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Emily Dickinson uses the color purple in at least 10 poems that I can think of off the top of my head. In most cases, as in this one, the color refers to royalty.
Purple is the color of royalty, initially because purple cloth was so expensive and hard to come by. Thus, only royalty could own purple clothing.
This poem presents the day as a personified royal woman, clad in a purple petticoat, who is undressing herself. This is significant because typical royal woman would have maids to help with every detail of her life, including dressing and undressing. However, the undressing of the woman parallels the undressing of the day, indicating that the woman may be older and ending her reign as the sun is setting to end a day.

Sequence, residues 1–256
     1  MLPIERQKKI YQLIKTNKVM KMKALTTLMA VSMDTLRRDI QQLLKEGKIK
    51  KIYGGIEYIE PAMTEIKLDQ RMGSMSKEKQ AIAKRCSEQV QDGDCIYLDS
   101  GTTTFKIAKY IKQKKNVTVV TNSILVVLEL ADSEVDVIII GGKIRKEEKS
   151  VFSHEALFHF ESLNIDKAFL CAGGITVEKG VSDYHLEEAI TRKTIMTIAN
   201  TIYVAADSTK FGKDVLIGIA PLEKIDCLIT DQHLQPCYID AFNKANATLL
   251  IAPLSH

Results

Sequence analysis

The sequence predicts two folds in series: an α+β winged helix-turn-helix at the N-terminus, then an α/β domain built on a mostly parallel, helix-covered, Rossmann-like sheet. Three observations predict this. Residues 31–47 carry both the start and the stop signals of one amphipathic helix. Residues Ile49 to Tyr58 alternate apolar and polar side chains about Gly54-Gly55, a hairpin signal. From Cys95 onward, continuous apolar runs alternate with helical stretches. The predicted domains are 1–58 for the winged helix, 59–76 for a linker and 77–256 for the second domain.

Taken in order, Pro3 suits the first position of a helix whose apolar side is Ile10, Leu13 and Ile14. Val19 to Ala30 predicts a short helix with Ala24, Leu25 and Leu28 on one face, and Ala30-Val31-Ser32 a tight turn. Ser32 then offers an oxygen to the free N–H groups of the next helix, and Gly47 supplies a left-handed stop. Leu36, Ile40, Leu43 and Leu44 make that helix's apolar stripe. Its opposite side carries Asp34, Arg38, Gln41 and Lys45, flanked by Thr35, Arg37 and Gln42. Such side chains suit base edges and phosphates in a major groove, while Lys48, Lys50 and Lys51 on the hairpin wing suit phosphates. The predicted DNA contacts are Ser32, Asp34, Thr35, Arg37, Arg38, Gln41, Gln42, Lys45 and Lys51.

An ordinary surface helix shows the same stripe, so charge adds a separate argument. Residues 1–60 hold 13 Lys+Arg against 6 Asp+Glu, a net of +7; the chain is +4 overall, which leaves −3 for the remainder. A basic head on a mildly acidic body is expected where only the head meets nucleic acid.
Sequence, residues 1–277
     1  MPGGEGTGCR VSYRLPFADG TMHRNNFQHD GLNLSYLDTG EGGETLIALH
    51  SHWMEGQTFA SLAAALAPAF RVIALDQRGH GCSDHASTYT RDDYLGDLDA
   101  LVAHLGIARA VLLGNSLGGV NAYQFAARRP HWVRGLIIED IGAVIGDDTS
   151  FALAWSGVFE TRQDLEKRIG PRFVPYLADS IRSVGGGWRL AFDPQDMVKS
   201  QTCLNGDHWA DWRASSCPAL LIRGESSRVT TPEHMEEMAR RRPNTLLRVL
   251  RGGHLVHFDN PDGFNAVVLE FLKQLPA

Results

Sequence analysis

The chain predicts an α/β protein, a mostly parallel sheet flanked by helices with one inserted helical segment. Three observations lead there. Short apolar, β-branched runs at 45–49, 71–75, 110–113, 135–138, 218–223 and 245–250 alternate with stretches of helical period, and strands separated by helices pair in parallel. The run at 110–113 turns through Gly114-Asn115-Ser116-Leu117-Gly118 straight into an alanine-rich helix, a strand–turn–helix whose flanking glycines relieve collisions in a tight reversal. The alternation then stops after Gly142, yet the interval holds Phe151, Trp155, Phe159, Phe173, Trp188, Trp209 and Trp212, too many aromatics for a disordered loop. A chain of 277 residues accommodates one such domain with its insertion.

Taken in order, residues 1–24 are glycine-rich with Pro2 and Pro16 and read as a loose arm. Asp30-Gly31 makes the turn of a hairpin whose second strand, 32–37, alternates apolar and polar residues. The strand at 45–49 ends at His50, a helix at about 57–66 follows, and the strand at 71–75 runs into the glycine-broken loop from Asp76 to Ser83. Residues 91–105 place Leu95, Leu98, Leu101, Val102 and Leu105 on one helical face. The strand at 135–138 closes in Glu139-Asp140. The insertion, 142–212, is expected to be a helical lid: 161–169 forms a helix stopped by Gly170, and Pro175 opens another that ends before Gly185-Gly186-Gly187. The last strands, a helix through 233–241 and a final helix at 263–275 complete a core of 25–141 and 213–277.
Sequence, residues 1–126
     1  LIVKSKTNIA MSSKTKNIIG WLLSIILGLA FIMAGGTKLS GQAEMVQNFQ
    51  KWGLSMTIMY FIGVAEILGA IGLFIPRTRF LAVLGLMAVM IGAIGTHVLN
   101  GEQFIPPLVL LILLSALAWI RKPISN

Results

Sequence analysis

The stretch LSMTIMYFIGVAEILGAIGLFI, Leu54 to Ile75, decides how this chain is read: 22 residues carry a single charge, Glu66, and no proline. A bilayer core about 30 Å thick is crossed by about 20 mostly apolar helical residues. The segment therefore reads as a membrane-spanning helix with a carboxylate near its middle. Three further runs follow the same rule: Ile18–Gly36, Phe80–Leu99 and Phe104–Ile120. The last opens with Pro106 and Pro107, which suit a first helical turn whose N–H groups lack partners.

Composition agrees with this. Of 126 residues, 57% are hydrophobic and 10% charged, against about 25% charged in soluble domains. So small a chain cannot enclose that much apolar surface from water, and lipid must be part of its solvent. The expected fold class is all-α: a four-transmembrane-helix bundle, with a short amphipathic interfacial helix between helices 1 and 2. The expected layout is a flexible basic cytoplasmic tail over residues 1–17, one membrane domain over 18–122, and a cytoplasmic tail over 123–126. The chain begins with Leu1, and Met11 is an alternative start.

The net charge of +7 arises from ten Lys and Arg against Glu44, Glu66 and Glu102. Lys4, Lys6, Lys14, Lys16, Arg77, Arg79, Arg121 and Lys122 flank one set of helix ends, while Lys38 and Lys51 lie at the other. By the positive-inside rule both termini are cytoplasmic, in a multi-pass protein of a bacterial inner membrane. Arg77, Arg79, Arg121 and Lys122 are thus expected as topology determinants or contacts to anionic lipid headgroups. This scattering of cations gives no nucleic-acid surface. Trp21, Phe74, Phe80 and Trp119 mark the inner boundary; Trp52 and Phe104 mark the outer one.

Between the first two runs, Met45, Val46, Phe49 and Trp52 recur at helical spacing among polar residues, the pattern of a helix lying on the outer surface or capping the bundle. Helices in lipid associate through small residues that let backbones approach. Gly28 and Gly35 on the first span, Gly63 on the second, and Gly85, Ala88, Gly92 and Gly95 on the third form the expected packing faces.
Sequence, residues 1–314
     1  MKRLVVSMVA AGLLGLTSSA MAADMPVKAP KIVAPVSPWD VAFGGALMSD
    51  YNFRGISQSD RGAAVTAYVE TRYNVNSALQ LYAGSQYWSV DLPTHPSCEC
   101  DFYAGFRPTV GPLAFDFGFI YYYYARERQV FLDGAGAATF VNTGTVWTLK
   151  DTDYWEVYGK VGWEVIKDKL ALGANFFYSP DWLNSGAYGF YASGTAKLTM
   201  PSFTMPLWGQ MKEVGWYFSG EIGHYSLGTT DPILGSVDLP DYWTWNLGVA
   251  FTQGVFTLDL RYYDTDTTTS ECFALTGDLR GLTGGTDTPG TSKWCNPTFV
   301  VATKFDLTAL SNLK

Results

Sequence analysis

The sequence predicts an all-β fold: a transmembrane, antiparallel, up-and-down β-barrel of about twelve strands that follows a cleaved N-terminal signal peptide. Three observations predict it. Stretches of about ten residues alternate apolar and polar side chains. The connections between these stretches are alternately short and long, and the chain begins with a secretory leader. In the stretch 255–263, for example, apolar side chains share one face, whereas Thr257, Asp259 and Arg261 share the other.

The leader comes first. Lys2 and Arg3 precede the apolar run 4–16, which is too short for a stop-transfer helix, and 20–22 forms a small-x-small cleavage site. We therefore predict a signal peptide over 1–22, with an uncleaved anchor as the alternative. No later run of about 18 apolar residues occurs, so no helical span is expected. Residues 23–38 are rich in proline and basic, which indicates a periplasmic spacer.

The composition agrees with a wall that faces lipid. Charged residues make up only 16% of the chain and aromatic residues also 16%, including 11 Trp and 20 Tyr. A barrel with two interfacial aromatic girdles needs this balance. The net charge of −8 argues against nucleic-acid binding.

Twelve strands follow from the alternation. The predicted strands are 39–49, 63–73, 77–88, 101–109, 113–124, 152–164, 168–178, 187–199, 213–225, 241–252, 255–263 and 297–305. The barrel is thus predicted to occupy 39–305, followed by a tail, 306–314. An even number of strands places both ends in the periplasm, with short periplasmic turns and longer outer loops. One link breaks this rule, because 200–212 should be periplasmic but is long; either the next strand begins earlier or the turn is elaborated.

However, the fact that she is wearing a royal color suggests that though her reign is coming to an end, her importance and dignity are not. Similarly, the day, royal in the eyes of Dickinson, is also coming to an end, but its importance and dignity remain forever.
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